Or think of it this way. The whole idea of a distancecollapsing technology is to enable us to get more quickly from point A to point B. But getting more quickly from A to B means having less time and opportunity for attending to any of the points between A and B. Moreover, as the influence of distance-collapsing technologies spreads, A and B themselves become intermediary points in an ever-expanding net of one-time destinations that are now mere way stations. If we're to cover those spaces efficiently, we have no more time for A and B than for any of the points between. And so we find ourselves in a world where we're all just passing through.
How can people who are just passing through determined to crisscross each other's paths at ever more dizzying speeds come closer together? The easiest result not an absolutely necessary one, but the result we can most naturally fall into is the one that can seem paradoxical only at first glance: we find ourselves flying further and further apart rather than coming together. As abstract spatial distance yields to our technological prowess, the qualitative nooks and corners of particular places places where significant meetings can occur disappear into the quantitative vastnesses of that abstract space.
Clearly I am distinguishing here between two different senses of "coming together." And that is the crux of the matter. Technology can indeed overcome those physical spaces, but if this is how we frame the problem (and we must frame it this way if we want a perfectly effective technological "solution") then we have turned our eyes away from the much less easily defined problems that hinder our social coming together. This is how the new and wondrous technology becomes guaranteed to make the real problem worse.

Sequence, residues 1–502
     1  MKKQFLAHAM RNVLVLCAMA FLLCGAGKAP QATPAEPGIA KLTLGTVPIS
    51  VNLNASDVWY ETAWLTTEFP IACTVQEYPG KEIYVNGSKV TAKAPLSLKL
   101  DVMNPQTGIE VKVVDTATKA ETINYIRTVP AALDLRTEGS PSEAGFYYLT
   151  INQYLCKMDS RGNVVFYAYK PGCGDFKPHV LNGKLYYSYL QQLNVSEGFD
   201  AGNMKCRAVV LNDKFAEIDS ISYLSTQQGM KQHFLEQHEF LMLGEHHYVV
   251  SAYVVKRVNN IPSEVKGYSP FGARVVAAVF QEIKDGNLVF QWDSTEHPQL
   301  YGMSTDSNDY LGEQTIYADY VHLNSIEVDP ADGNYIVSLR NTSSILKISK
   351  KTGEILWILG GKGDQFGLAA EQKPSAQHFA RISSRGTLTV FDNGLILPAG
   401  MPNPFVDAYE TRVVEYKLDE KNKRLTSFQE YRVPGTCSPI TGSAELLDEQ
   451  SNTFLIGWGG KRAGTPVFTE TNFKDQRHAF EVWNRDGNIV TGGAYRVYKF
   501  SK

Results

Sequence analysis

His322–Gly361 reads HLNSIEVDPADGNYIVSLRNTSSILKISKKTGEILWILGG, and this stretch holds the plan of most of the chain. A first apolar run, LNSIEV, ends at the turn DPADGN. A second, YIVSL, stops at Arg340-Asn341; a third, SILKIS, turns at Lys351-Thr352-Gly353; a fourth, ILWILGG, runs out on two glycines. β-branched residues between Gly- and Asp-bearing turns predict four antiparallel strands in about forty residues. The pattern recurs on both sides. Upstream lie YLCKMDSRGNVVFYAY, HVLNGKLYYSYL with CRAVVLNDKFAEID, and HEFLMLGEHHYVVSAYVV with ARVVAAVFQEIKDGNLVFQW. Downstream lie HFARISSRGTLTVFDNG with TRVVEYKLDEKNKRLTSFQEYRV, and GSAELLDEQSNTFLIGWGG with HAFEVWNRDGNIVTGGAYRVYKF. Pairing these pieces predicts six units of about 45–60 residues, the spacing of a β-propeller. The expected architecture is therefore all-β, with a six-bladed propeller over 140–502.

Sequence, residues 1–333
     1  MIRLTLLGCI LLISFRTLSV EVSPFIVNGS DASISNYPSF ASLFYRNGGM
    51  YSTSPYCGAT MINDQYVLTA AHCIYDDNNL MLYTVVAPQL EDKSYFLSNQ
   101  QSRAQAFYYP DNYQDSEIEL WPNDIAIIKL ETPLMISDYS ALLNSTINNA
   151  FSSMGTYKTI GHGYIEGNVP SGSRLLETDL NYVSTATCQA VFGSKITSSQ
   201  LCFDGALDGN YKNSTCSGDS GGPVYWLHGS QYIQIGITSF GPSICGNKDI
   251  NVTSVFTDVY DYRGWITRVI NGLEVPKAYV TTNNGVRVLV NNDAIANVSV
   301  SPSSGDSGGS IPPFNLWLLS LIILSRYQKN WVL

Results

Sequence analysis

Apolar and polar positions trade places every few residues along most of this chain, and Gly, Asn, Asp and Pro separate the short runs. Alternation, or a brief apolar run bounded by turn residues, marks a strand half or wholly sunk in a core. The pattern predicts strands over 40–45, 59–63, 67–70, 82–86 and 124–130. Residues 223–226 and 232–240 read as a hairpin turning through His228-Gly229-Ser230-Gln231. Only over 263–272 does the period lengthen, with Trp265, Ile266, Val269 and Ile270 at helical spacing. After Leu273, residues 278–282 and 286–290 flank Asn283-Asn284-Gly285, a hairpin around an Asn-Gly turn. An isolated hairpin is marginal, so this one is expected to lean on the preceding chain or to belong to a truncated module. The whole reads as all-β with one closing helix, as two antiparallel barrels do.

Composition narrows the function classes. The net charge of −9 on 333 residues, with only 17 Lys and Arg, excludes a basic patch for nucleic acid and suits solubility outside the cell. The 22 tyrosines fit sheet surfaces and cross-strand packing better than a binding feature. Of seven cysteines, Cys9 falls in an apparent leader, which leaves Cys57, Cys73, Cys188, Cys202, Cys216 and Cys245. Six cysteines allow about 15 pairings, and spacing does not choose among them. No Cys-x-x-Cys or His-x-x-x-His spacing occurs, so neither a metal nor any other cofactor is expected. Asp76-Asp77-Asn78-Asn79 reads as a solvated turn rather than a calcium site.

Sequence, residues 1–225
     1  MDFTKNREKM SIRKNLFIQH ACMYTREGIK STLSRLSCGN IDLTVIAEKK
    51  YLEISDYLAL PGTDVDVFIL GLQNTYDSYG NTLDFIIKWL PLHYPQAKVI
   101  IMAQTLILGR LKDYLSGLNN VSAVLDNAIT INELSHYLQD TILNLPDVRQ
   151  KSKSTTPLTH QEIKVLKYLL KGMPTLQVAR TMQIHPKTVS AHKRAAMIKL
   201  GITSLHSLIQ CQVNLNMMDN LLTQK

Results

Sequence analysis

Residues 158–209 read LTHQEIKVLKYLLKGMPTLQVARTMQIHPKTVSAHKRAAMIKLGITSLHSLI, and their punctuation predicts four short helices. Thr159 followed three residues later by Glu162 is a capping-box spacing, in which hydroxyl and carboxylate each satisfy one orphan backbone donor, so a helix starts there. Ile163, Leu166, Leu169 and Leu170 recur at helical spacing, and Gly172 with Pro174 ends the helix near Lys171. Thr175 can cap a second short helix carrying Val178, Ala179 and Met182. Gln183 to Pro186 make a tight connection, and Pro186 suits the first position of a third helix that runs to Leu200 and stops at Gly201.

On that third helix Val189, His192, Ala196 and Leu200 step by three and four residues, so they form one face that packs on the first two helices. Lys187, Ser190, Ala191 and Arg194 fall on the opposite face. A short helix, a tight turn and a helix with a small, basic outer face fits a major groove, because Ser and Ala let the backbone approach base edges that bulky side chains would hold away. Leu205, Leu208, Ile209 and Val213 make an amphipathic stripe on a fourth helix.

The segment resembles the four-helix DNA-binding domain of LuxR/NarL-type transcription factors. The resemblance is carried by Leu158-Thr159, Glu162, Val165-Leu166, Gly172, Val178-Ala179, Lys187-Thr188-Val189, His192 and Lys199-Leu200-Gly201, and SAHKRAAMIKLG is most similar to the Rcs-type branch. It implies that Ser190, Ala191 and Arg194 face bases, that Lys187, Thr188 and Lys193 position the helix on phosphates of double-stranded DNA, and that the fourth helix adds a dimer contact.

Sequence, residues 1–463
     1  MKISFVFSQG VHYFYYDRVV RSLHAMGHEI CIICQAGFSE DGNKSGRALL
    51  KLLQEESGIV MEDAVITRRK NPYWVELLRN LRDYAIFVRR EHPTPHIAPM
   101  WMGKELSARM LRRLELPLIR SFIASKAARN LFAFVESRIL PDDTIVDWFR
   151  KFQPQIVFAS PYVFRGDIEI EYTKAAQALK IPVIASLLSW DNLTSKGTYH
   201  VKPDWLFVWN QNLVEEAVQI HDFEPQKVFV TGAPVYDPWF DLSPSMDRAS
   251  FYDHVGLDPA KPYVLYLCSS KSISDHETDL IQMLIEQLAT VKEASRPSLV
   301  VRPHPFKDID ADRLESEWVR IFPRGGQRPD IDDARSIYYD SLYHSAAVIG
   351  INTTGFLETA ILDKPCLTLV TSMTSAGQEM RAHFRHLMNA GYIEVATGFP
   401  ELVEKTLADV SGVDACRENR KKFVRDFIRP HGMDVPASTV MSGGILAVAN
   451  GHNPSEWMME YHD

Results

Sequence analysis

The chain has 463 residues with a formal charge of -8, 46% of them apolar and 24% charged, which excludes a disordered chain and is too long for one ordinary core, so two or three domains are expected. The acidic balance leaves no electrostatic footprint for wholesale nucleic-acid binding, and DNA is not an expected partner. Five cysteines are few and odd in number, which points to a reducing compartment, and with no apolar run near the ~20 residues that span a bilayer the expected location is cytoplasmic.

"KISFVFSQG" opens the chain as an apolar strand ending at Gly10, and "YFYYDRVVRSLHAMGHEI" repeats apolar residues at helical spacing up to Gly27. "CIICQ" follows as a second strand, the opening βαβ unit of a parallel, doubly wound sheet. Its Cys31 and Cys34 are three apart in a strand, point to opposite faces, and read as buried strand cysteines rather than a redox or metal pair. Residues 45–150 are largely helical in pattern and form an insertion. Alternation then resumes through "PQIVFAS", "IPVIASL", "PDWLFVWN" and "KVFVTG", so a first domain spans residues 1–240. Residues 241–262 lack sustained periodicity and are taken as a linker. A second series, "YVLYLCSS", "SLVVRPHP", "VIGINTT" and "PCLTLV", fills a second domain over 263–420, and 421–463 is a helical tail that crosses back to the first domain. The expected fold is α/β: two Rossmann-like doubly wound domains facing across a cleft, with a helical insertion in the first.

The likelihood of the unhappy reversal, in other words, is a direct result of a technological fixation that encourages a subtle but disastrous shift in what we imagine our problems to be. The engineer, of course, can always say, "Hey, I was just trying to overcome the problem of spatial distance. What people do with this opportunity is their choice." There's profound truth in that. But the disclaimer is more than a little disingenuous in a society and an engineering culture where the exercise of the technical machinery for connecting persons is chronically confused with personal connections.
In sum, you have to picture how this new capability you have enjoyed will be realized across the whole of society, and how all the elements of this realization will bring the world into a different shape. A lively imagination is required one that can grasp complex, organic interrelationships.